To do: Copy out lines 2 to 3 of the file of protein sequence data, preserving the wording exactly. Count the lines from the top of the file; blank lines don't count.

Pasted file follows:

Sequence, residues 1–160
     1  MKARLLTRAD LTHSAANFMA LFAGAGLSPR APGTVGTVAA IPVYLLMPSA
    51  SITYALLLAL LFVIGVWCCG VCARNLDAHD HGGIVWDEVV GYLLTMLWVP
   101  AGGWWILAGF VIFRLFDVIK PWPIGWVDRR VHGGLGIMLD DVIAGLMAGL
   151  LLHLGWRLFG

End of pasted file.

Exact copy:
     1  MKARLLTRAD LTHSAANFMA LFAGAGLSPR APGTVGTVAA IPVYLLMPSA
    51  SITYALLLAL LFVIGVWCCG VCARNLDAHD HGGIVWDEVV GYLLTMLWVP